If you’re reading this blog and love Indian food, it’s likely your favourite festive fare is a nicely-spiced mince pie and masala-spiked mulled wine, and equally probably you stuff your stuffing with more aromatics than the standard sage and onion. Once you’ve tuned your tastebuds into Indian flavours, a tedious turkey dinner has as much appeal as a last-minute supermarket sweep on Christmas Eve (i.e. Very Little).
Far more appetising are the interesting Indian eats on offer all over London this December. I offer you my lowdown on what’s on offer everywhere from right posh restaurants to squat’n’gobble street food stalls; pop-ups to godowns. Flavour fans, fear not: even if Christmas Day should see you munching a lacklustre lunch, the rest of December can be delicious.
Aah, (Almost) The Only Indian I Will Cross The River For™. Always relishing regional cuisine, Cinnamon Culture’s Christmas menus are made up of dishes drawn from all over India. Hearty party platters include Rajasthani laal maas ka sula and clove-smoked Kandahari lamb chop, followed by a feast for the table to tuck into. Ayurvedic celery soup with almonds gets Christmas Day lunch off to a light start, building up to a fine finale of spiced bread and butter pud.
So this is sold out, but that doesn’t mean you shouldn’t keep an eye out lest suddenly someone can’t make it to Pratap Chahal’s feast fit for kings on 19th Dec. Carefully researched from historic cookbooks, the Maharajah’s meal is delivered with all the style you’d expect from a chef who’s done time in Michelin kitchens. I know few who’d rather taste turkey than ‘camel’s hump kebabs’, Emperor Shah Jehan’s last stew, and quirky quinoa kheer.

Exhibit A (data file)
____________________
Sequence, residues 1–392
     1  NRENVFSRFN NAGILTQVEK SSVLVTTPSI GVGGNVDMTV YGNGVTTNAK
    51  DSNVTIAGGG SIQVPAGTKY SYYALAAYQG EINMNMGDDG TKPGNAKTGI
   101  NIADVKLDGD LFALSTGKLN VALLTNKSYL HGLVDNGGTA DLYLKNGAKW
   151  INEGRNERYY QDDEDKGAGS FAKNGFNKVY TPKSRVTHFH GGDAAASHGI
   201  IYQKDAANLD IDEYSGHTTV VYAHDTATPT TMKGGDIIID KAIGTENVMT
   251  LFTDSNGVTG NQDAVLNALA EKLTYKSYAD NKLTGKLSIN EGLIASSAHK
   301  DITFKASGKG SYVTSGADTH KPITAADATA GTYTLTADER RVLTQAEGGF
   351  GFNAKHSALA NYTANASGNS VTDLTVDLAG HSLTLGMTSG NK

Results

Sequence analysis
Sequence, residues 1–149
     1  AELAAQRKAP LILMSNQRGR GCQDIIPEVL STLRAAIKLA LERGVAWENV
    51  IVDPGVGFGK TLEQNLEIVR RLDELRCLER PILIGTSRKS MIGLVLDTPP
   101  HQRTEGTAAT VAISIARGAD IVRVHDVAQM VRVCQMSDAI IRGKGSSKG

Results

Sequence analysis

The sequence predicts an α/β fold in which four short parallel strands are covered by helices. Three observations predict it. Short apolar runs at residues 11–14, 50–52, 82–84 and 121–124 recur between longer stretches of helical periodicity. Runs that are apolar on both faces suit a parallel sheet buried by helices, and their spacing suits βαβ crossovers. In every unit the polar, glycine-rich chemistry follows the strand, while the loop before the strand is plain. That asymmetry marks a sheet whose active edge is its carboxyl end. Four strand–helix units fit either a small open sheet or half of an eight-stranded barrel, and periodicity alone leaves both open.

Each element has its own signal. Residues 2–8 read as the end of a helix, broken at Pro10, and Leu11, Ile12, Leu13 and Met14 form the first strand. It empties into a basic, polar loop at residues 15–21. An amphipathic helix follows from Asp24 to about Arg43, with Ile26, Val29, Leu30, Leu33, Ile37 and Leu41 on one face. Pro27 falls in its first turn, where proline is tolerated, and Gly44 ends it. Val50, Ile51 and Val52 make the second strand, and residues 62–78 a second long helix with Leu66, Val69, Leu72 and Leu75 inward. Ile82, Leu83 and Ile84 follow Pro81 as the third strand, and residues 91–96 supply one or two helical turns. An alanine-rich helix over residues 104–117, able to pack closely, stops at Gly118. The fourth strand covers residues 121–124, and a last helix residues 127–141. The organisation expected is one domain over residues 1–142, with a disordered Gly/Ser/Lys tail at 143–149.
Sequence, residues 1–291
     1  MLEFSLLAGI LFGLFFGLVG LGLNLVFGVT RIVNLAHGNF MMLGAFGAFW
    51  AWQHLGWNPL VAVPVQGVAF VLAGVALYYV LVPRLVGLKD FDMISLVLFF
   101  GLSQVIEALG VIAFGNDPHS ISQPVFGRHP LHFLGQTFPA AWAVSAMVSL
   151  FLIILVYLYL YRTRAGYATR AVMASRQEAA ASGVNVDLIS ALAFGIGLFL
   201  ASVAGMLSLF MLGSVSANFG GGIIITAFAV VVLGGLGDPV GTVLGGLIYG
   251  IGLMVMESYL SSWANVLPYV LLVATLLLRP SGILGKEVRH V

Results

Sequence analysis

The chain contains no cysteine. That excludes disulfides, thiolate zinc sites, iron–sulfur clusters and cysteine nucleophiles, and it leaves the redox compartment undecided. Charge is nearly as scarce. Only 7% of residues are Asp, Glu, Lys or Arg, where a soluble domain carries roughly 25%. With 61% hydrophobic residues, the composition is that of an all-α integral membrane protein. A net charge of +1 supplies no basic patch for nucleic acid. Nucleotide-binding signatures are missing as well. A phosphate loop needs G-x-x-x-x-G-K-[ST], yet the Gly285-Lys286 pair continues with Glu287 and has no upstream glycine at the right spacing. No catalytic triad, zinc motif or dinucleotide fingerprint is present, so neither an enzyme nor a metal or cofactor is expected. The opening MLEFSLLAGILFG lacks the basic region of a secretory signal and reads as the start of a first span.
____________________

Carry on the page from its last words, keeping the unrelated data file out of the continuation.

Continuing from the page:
It’s no secret that supperclub host Rajiv Kc likes a knees-up. Just as well-known is that fact that he cooks cracking Nepalese food with or without a glass in his hand. On 20th December, guests will be given a cocktail masterclass by mixologist David Hamilton, then filled up with four courses of quality Nepali nosh; each accompanied by a perfectly-paired tipple. Yes, momos are on the menu; and yes, you’ll leave more stuffed than the turkey.
The Khaadraas Club was welcoming diners as if Cafe Spice Namaste was their own living room when most supperclub hosts were still in nappies. The festive edition of Cyrus and Pervin Todiwala‘s intimate monthly communal feast on 22nd December is guaranteed to get even the Scroogiest amongst you firmly in the mood for a cracking Christmas; perfectly pairing Parsi bhonu with various Glengoyne single malts.
Like to be beside the seaside come Christmas? Then a seasonal spread at Euan Sey and Kanthi Thamma’s Brighton-based Curry Leaf Cafe should suit. Try dishes from Indian communities who celebrate Christmas: the tongue-twisting, tastebud-tickling Keralite aad ularthiyathu, or Goa’s Portuguese-influenced chicken cafreal. Cinnamon and carrot halwa ice cream from local folks Boho Gelato is an unmissable ending.
Goans know a thing or two about celebrating Christmas. The state has a large Catholic community and a cuisine that still shows plenty of Portuguese influence. At Cyrus Todiwala’s Assado, festive fare includes rissois – diminutive breaded pancakes filled with creamy prawns; addictive pickled octopus; and a typically searing beef curry whose gravy is flavoured with butternut berries and tart tamarind. Multi-layered bebinca is a singularly splendid sweet.
If you love the idea of an Indian Christmas feast with a little bit of Brit, then yabba dhaba do book a spot at Arti and Upma’s Walthamstow pub pop-up on 22nd December. Cinnamon and aniseed chicken tikka ticks the ‘seasonal seasoning’ box, whilst sides with your Mangalorean roast meat include spiced-up sprouts and curry leaf mash. Even the bread’n’butter pudding comes with cardamom.